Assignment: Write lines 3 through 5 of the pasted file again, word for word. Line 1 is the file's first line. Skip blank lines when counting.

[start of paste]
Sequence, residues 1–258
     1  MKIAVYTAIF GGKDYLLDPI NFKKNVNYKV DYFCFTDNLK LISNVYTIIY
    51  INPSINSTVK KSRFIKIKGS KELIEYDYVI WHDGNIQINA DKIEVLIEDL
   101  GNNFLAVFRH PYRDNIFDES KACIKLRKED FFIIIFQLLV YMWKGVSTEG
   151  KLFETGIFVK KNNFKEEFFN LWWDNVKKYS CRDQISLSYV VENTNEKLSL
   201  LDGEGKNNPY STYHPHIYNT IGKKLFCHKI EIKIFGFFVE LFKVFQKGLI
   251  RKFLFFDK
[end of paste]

    51  INPSINSTVK KSRFIKIKGS KELIEYDYVI WHDGNIQINA DKIEVLIEDL
   101  GNNFLAVFRH PYRDNIFDES KACIKLRKED FFIIIFQLLV YMWKGVSTEG
   151  KLFETGIFVK KNNFKEEFFN LWWDNVKKYS CRDQISLSYV VENTNEKLSL